The owner of Ladbrokes is turning to a former director of rival William Hill as it tries to repair relations with leading investors in the wake of a controversial share sale by its bosses.
Sky News has learnt that Barry Gibson, who has chaired Homeserve for almost a decade, is to be the next chairman of GVC Holdings.
His appointment is expected to be announced early next week.
Mr Gibson’s recruitment will end a seven-month search for a successor to Lee Feldman, who infuriated GVC shareholders in March when he and Kenny Alexander, the gambling group’s chief executive, sold £20m worth of shares.
That came soon after Mr Alexander had insisted to shareholders that GVC was “seriously undervalued”.
Mr Feldman’s departure as the company’s chairman is also overdue because, having served in the role since 2008, he is no longer deemed independent under corporate governance rules.
Revised guidelines saying that chairs lose their independence after a total of nine years on a listed company’s board have prompted a deluge of searches by British blue-chips.
That was underlined this week when Lloyds Banking Group, the UK’s biggest high street lender, said Lord Blackwell would step down in 2021 after nine years as a director.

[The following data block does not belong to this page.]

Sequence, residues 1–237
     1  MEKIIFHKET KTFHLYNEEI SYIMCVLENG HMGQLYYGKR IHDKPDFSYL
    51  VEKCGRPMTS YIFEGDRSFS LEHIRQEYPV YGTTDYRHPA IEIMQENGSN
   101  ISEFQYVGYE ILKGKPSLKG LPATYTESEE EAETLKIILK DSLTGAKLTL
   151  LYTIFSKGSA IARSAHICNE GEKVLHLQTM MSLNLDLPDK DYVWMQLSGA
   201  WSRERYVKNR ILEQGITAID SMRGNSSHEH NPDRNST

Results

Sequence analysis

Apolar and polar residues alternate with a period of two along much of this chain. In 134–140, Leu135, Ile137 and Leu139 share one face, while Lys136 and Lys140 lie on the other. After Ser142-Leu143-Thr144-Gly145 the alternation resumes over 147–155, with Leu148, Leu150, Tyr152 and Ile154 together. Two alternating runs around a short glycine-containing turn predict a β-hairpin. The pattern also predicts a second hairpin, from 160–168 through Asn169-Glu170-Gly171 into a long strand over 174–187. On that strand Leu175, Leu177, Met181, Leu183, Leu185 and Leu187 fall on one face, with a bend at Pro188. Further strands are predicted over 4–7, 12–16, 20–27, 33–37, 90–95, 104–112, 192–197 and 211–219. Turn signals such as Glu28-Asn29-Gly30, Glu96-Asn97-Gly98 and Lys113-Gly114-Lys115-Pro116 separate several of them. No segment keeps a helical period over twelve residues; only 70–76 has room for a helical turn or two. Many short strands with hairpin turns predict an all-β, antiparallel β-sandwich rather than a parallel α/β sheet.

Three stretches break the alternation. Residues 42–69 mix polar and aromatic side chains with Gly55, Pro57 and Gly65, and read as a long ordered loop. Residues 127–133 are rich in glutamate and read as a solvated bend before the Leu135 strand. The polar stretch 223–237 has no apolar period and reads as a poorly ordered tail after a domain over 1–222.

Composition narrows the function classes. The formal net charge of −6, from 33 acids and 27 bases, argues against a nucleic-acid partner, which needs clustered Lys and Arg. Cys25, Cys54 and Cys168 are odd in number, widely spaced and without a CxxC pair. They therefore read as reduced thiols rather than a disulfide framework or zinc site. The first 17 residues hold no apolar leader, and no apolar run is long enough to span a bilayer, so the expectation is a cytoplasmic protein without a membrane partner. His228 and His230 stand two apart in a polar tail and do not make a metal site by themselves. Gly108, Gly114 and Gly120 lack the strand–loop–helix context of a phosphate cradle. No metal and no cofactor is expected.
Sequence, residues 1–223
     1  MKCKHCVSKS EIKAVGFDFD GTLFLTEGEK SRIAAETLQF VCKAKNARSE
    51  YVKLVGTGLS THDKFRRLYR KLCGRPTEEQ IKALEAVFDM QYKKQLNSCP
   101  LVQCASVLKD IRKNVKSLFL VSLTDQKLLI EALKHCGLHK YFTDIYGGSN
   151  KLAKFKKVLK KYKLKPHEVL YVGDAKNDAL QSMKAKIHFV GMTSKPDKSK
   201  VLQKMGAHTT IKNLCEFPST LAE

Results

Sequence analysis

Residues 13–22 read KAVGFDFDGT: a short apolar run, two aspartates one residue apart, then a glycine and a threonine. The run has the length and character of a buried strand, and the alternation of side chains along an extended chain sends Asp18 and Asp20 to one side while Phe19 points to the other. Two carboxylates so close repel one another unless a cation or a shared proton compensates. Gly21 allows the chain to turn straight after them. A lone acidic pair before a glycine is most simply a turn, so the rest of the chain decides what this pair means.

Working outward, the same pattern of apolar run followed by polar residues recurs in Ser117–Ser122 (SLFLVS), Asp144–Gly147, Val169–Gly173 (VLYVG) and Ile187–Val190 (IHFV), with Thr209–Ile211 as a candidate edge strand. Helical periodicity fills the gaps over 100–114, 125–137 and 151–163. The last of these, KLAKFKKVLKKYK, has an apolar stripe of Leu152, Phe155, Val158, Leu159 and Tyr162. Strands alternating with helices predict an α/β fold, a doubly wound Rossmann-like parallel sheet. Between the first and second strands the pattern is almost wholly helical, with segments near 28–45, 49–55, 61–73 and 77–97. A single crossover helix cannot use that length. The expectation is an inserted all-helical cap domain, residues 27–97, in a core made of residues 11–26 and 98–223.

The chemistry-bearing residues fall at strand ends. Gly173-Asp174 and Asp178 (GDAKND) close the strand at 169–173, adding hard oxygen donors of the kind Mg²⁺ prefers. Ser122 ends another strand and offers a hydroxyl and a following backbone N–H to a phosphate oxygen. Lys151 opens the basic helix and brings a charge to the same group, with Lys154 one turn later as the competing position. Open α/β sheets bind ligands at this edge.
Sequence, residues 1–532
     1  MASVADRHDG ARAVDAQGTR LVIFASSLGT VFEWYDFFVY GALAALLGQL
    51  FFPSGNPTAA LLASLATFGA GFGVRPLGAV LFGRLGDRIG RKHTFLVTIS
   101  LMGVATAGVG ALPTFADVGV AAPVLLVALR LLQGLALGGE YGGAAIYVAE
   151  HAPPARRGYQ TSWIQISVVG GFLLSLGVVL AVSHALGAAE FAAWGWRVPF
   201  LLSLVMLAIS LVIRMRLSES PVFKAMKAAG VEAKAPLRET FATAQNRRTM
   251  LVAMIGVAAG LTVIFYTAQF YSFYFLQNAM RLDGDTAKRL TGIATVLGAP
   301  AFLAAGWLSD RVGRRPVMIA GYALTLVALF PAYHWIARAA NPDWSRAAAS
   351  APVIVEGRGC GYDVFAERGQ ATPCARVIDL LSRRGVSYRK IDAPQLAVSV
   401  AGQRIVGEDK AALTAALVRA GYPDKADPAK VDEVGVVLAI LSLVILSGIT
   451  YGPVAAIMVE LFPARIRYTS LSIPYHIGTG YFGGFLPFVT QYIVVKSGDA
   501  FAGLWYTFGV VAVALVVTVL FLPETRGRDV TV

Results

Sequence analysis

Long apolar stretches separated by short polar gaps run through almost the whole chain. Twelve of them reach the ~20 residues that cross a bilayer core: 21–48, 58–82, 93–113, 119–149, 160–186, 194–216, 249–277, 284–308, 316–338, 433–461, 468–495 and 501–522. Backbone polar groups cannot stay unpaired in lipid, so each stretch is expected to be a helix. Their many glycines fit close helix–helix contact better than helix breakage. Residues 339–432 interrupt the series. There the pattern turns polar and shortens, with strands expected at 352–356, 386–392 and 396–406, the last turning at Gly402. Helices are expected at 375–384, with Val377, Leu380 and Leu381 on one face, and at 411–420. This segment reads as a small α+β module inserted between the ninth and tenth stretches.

Mr Gibson’s appointment is expected to reassure GVC investors given his array of experience on public company boards.
A former executive at BAA, the airports group, and Littlewoods, he has been a non-executive at National Express, Somerfield and SSP.
In the gaming sector, he has sat on the boards of bwin.party digital entertainment, Playtech and William Hill.
Mr Gibson also chairs Sports Information Services Holdings, which works closely with the UK gambling industry.
His appointment will come at a time when the gaming sector continues to face significant financial and reputational challenges.
The biggest groups, including GVC, William Hill and Flutter Entertainment, which owns Paddy Power and Betfair, tried to head off growing criticism during the summer when they committed tens of millions of pounds of new funds to tackling problem gambling.
GVC, which also owns the Coral chain, has been affected, like its competitors, by the reduction in maximum stakes on fixed-odds betting terminals – dubbed “the crack cocaine of gambling”.
The company was also hit by a near £6m fine from the Gambling Commission in July for “systemic failings” in its approach to problem gamblers.
Mr Gibson’s appointment as chairman, which could take place at or before GVC’s annual meeting next year, was led by Stephen Morana, the senior independent director.
He is unlikely to have to find a new chief executive for GVC in the short term.
Mr Alexander has insisted that he is committed to the company, and in August bought £5m of shares in a bid to demonstrate that.
The company has sought to expand its presence in the US, and has been tipped by some analysts as a possible counterbidder for Stars Group, which has agreed a £10bn merger with Flutter.
A City source said Mr Gibson was likely to step down as Homeserve’s chairman in the near future.
Shares in GVC closed on Friday at 897.4p, down 4% over the last year and giving the company a market value of £5.22bn.
GVC declined to comment this weekend.